• Technical Specifications

Item Min Typ Max Unit Comments
VSS   0   V   
VDD   -9.0   V   
CK   180   kHz Rext= 68 kOhm, Cext= 68 pF

• Technology

The TMS0950 was manufactured in a 8.0 um metal gate PMOS process (metal width = 0.30 mil / 8.0 um, metal spacing = 0.35 mil / 9.0 um, diffusion width = 0.25 mil / 6.0 um, diffusion spacing = 0.30 mil / 8.0 um).

The die size of the TMS0950 is approximately 200 mils * 210 mils / 5.2 mm * 5.3 mm.

• Packaging

The TMS0950 uses either a 0.6” wide 28-pin DIP (Plastic Dual In-line Package with a 0.1” / 2.54 mm lead pitch)
or a 0.4” wide 28-pin SPDIP (Shrink Plastic Dual In-line Package with a 0.07” / 1.778 mm lead pitch).

• Pin Configuration

Pin IO Function Pin IO Function
1 O Digit driver 7 28 O Digit driver 6
2 O Digit driver 8 (MSD) 27 O Digit driver 5
3 O Digit driver 9 (sign) 26 O Digit driver 4
4 V Negative Voltage VDD 25 O Digit driver 3
5 I Keymatrix input 1 24 O Digit driver 2
6 I Keymatrix input 2 23 O Digit driver 1 (LSD)
7 I Keymatrix input 4 22 R 6k8 to VDD
8 I Keymatrix input 8 21 V Reference voltage
9 I Key or power on reset 20 V Common Voltage
10 O Segment driver DP 19 I OSC2 (Ext. CLK = VSS)
11 O Segment driver G 18 I OSC1 (Cext, Rext) or Ext
12 O Segment driver F 17 O Segment driver A
13 O Segment driver E 16 O Segment driver B
14 O Segment driver D 15 O Segment driver C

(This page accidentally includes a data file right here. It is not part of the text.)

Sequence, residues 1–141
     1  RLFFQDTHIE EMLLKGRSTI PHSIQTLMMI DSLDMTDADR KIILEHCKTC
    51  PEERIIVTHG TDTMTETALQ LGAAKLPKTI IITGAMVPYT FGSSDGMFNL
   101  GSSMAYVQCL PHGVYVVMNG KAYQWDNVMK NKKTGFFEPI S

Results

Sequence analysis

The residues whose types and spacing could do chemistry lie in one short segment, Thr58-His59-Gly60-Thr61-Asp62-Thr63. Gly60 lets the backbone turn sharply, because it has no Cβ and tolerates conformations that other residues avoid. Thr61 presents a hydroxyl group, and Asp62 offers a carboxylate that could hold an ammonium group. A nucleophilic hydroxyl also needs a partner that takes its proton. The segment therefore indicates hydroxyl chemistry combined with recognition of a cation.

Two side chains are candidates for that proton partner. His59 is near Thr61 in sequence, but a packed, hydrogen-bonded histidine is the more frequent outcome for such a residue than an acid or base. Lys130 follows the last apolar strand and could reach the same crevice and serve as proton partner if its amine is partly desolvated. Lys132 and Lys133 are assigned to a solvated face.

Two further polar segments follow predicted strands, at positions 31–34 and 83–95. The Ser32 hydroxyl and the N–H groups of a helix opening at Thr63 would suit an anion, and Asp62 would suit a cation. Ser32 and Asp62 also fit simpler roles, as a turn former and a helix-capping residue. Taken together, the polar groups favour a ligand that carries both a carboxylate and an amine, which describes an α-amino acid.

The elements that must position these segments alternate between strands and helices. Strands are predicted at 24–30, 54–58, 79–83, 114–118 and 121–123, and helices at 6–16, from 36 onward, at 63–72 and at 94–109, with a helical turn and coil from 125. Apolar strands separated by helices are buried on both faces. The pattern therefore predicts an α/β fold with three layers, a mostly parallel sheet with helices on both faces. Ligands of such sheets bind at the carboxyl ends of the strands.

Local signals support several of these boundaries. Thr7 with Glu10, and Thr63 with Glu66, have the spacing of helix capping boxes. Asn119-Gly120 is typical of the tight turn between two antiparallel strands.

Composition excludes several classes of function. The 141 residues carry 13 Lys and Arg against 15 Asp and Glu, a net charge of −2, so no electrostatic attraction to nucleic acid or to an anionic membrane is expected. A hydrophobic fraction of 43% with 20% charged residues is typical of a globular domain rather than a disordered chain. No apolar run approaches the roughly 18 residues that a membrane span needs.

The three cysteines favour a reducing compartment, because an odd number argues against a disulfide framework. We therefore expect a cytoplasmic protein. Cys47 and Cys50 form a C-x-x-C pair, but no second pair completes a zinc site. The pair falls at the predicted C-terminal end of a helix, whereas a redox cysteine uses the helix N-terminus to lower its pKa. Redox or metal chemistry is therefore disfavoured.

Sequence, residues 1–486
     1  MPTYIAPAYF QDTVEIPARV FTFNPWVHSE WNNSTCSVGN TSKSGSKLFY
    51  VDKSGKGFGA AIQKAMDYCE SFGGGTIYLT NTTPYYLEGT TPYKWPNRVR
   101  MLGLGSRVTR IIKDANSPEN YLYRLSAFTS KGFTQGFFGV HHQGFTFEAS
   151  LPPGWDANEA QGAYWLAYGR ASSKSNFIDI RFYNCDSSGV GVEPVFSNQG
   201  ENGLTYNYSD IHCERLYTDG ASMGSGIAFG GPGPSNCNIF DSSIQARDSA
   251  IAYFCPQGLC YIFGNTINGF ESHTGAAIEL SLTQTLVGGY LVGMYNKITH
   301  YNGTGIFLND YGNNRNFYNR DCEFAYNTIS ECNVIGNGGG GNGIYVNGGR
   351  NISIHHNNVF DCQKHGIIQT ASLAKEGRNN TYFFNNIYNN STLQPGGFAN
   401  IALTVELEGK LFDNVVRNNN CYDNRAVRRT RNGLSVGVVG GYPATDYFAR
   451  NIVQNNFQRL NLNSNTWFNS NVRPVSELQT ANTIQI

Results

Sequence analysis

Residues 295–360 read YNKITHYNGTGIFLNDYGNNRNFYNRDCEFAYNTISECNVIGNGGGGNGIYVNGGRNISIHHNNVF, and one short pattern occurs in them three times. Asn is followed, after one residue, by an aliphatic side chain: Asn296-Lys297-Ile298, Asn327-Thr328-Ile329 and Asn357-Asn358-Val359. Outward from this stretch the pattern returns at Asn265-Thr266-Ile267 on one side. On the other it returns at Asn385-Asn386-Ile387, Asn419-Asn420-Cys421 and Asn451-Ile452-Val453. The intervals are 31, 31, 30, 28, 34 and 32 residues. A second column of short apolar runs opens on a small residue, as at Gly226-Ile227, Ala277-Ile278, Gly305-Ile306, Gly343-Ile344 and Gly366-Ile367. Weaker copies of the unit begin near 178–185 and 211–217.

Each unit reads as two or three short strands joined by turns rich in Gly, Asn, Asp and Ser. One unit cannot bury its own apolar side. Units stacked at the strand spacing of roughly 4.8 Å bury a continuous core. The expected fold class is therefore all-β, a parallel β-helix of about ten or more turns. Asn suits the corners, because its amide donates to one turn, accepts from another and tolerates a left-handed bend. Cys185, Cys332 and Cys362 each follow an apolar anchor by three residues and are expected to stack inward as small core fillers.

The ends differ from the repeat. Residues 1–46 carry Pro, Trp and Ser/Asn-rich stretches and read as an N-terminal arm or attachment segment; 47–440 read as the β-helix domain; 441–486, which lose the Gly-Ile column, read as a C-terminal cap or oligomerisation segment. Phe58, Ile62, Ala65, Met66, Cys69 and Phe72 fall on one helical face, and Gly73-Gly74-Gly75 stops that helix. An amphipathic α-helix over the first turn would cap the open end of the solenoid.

The Segment drivers A-G and DP (Decimal Point) are connected to the display in the pictured way. 

• Keyboard Scan-Matrix

The keyboards of all calculators based on the TMS0950 family consist of an x/y-matrix connected to six or seven segment-driver outputs and the keymatrix inputs K1 to K4. The Power-on reset is usually not connected to a key.

Example for the TI-1250 with TMS0952:

  K1 K2 K4 K8
O7 (Seg. DP) MC MR M− M+
O6 (Seg. G)        
O5 (Seg. F) C +/− % ÷
O4 (Seg. E) 7 8 9 ×
O3 (Seg. D) 4 5 6
O2 (Seg. C) 1 2 3 +
O1 (Seg. B) CE 0 . =
O0 (Seg. A)        

Example for the Sharp EL-204 with TMS0956:

  K1 K2 K4 K8
O7 (Seg. DP) CM RM M− M+
O6 (Seg. G)        
O5 (Seg. F) C % x ÷
O4 (Seg. E) 7 8 9 ×
O3 (Seg. D) 4 5 6
O2 (Seg. C) 1 2 3 +
O1 (Seg. B) CE 0 . =
O0 (Seg. A)     +/−  

• Display

Calculators based on the TMS0950 make use of 9-digit LED (Light-Emitting-Diode) Displays with common cathode architecture. The TI-1200/TI-1250 uses the LED-stick DIS233.

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If you have additions to the above datasheet please email:

© Joerg Woerner, February 02, 2001. No reprints without written permission.